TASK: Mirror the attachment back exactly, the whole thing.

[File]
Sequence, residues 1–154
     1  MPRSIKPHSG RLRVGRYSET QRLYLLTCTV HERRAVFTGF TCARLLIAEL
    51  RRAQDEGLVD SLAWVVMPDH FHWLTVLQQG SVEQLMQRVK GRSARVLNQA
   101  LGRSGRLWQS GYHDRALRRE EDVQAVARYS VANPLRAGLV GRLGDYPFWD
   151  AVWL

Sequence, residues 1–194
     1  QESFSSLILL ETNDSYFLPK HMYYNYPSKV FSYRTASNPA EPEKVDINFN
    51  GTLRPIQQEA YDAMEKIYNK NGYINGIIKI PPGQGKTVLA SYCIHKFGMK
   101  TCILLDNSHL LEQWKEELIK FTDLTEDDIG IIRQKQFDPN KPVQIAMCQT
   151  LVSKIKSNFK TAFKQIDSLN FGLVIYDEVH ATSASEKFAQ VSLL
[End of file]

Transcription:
Sequence, residues 1–154
     1  MPRSIKPHSG RLRVGRYSET QRLYLLTCTV HERRAVFTGF TCARLLIAEL
    51  RRAQDEGLVD SLAWVVMPDH FHWLTVLQQG SVEQLMQRVK GRSARVLNQA
   101  LGRSGRLWQS GYHDRALRRE EDVQAVARYS VANPLRAGLV GRLGDYPFWD
   151  AVWL

Sequence, residues 1–194
     1  QESFSSLILL ETNDSYFLPK HMYYNYPSKV FSYRTASNPA EPEKVDINFN
    51  GTLRPIQQEA YDAMEKIYNK NGYINGIIKI PPGQGKTVLA SYCIHKFGMK
   101  TCILLDNSHL LEQWKEELIK FTDLTEDDIG IIRQKQFDPN KPVQIAMCQT
   151  LVSKIKSNFK TAFKQIDSLN FGLVIYDEVH ATSASEKFAQ VSLL